The lower court found that the nonjudicial settlement agreement was not valid because the agreement made substantial changes to the trust and violated a material purpose of the Family Trust. Allen appealed the county court decision. The Nebraska Supreme Court ruled that the spendthrift provisions of the trust constituted a material purpose of the trust and that the non-judicial settlement agreement violated that purpose by distributing such assets outright rather than in trust.
Spendthrift trusts provide asset protection to trust beneficiaries by protecting beneficiaries from losing their inheritance to creditors. A spendthrift trust is one that includes a spendthrift clause. A typical clause might read something like the following:
The trusts created by this instrument are intended to be spendthrift trusts and such status is a material purpose of this instrument. No title to this trust estate, or any part thereof, shall vest in any beneficiary until actual distribution thereof to and receipt thereof by such beneficiary. No rights of any of the beneficiaries of this trust estate shall be subject to assignment or to anticipation, or liable for any indebtedness or obligation of any beneficiary, or subject to any attachment or order, decree, judgment or process of any court on account of, or for the purpose of collecting, any such indebtedness or obligation. The Trustee shall not be required to make any disbursements to any assignee or creditor of any beneficiary or otherwise than into the hands of the beneficiary in person.
Spendthrift clauses are viewed differently by different states. Some states allow exception creditors.[iii]
A material purpose generally requires some showing of a particular objective on the part of the settlor. Such objective could be the beneficiary’s management skills, judgment, or level of maturity. The settlor’s objectives may be clear in the trust document[iv] itself but courts may also look to other evidence.
Flexibility in Modern Trust Drafting
Historically, United States trust doctrine prohibited modification or termination of a trust if such modification was contrary to a material purpose of the settlor in establishing the trust. That rule was established in Claflin v. Claflin.[v] More recently, there is a trend towards flexibility. Restatement Third of Trusts states: “A discretionary power conferred upon the trustee to determine the benefits of a trust beneficiary is subject to judicial control only to prevent misinterpretation or abuse of the discretion by the trustee.”[vi] Methods that can be used to change irrevocable trusts include nonjudicial settlement agreements, judicial reformation and decanting.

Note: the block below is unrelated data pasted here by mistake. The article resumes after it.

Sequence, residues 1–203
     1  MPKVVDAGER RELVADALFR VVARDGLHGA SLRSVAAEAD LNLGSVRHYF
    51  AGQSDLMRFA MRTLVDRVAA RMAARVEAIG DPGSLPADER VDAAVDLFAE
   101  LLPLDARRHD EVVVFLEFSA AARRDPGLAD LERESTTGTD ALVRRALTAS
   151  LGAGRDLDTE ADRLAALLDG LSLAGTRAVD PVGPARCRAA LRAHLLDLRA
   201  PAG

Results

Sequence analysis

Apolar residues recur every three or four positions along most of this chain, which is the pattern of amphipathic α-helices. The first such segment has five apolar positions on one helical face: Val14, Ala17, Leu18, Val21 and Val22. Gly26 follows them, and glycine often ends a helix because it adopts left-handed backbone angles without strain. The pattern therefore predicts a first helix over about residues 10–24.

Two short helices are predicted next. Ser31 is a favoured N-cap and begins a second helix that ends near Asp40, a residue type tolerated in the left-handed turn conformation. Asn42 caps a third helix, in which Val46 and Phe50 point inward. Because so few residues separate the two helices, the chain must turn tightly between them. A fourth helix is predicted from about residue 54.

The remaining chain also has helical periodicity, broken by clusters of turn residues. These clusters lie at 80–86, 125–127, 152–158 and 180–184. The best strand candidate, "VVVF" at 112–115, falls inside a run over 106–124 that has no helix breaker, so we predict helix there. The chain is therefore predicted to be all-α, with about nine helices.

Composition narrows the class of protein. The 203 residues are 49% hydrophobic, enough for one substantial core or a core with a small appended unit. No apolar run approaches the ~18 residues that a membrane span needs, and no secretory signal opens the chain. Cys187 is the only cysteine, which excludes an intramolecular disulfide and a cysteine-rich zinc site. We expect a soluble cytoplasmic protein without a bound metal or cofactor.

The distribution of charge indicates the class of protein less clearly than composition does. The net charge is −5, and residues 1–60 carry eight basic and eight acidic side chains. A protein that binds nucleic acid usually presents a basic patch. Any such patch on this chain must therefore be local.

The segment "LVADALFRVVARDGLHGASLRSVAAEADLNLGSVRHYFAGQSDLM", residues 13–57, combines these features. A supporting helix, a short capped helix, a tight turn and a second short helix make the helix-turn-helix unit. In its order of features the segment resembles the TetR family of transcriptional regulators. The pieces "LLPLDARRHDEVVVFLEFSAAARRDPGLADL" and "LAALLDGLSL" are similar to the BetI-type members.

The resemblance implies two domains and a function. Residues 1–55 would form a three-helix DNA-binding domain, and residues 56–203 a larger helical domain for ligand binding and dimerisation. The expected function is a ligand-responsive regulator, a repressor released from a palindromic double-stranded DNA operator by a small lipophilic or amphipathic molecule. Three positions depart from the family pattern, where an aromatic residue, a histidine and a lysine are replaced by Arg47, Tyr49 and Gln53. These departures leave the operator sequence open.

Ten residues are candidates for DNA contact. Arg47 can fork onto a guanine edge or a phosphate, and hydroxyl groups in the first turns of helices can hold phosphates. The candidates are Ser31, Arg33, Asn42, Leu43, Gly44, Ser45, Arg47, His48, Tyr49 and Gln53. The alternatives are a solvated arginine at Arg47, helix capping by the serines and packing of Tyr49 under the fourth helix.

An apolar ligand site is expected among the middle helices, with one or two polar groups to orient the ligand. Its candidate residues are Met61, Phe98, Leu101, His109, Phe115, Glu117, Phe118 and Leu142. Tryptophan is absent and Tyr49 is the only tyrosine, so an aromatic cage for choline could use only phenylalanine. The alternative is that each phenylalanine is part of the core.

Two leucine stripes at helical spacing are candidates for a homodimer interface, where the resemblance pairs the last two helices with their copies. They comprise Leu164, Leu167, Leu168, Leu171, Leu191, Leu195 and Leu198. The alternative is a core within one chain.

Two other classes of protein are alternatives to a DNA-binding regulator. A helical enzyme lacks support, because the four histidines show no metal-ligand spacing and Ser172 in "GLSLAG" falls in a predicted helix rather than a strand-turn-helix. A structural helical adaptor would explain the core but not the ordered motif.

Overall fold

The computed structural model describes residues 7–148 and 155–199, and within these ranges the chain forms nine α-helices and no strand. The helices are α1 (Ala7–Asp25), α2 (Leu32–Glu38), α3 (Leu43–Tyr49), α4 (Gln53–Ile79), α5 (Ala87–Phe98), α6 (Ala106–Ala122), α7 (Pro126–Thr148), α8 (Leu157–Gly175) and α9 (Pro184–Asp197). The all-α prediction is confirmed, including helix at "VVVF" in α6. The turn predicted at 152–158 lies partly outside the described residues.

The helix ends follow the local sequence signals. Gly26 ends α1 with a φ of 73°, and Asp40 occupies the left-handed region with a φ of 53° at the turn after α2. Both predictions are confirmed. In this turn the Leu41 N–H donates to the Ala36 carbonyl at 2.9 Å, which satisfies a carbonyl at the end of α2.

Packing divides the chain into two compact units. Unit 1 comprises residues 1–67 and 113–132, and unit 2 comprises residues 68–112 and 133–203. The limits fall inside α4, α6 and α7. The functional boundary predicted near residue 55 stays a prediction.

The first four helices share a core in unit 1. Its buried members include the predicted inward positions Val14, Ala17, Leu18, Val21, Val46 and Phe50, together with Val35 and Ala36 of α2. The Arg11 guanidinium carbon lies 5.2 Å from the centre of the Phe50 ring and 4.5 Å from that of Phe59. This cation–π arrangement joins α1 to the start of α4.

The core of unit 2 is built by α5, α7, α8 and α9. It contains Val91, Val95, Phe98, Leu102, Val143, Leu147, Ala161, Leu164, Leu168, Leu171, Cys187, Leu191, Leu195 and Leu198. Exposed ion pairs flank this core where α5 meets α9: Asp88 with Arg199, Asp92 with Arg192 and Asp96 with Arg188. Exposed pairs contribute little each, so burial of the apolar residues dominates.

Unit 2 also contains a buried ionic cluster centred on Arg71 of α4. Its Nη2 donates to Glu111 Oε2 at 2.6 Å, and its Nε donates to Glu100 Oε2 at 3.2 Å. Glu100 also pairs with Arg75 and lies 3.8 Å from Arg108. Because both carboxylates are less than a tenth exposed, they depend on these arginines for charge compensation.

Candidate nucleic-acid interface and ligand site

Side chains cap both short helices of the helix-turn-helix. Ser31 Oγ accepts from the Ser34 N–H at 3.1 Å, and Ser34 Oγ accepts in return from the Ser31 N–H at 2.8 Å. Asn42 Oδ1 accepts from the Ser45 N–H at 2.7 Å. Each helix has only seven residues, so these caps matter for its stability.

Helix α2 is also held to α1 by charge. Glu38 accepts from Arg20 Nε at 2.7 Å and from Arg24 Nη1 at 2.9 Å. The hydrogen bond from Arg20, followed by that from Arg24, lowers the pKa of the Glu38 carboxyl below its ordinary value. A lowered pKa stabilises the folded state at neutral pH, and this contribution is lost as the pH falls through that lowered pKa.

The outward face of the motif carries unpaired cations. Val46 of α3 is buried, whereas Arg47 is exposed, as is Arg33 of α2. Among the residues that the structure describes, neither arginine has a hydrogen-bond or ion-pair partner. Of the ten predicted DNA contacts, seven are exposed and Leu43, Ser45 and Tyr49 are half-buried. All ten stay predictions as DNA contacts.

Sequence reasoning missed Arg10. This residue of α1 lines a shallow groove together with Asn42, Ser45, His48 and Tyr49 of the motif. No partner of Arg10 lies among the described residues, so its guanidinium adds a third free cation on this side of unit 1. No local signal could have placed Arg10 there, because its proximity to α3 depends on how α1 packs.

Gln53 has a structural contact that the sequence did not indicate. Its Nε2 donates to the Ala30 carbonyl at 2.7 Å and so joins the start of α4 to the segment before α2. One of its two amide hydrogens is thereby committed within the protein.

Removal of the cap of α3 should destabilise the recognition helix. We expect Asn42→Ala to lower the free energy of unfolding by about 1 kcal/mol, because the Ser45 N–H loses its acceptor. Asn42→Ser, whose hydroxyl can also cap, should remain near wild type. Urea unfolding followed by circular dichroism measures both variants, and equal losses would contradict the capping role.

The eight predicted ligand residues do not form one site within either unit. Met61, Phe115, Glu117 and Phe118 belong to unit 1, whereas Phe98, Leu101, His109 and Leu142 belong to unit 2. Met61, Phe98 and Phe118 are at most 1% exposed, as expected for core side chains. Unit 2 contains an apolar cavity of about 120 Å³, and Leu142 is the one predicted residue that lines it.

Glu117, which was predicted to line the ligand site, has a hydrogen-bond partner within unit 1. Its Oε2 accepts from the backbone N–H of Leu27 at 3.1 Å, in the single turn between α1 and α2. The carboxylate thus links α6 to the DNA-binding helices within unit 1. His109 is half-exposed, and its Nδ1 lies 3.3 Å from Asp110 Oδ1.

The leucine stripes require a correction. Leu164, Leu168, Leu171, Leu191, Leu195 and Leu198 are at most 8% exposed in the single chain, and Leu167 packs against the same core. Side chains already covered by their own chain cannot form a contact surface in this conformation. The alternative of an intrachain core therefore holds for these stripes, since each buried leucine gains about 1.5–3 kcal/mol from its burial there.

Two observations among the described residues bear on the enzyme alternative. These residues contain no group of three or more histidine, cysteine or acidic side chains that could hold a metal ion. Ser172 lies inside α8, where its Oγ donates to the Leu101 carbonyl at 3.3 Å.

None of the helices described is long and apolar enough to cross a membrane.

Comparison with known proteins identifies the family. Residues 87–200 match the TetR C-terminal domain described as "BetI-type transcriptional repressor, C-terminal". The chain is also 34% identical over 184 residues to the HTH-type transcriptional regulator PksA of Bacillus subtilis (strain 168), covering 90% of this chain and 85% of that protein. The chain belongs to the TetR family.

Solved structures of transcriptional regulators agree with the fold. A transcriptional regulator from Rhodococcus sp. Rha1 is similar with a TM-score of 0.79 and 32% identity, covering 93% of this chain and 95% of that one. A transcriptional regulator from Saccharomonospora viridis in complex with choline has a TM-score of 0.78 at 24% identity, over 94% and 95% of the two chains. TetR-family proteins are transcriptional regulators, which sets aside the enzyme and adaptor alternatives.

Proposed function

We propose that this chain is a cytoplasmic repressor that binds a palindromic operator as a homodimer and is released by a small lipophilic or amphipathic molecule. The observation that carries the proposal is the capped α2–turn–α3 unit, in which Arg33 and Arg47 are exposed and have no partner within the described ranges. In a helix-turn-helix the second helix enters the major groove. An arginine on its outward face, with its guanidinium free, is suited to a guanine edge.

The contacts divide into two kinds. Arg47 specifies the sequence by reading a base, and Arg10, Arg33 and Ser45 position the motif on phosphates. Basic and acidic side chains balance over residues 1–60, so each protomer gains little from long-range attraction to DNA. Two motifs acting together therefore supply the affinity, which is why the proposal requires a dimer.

Protecting the Spendthrift Trust
A spendthrift clause alone may no longer be enough to provide the protection a settlor expects when incorporating this kind of language. Keys to the conclusion in the McGregor case included:
The trust specifically stated that each trust share was to be construed as a non-support discretionary spendthrift trust.
The trust shares included beneficiaries other than Allen and Debra.
The powers of appointment granted to each Allen and Debra were limited rather than general.
This case provides guidance for practitioners to consider in drafting trusts for asset protection purposes. Consider the exact language of the spendthrift clause. Specifically state that the spendthrift clause is a material purpose of the trust even if you are drafting for a jurisdiction that provides that by statute. Your settlor might move. Consider limited powers of appointment rather than general. Name more than one beneficiary for a trust share.
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LISI Estate Planning Newsletter #2868 (March 11, 2021) at http://www.leimbergservices.com, Copyright 2021 Leimberg Information Services, Inc. (LISI). Reproduction in Any Form or Forwarding to Any Person Prohibited - Without Express Permission. This newsletter is designed to provide accurate and authoritative information in regard to the subject matter covered. It is provided with the understanding that LISI is not engaged in rendering legal, accounting, or other professional advice or services. If such advice is required, the services of a competent professional should be sought. Statements of fact or opinion are the responsibility of the authors and do not represent an opinion on the part of the officers or staff of LISI.
[iii] Uniform Trust Code §503.
[iv] Restatement (Third) of Trusts Section 65 cmt. D.
[v] 20 N.E. 454 (Mass 1989).
[vi] Restatement (Third) § 50 (2003).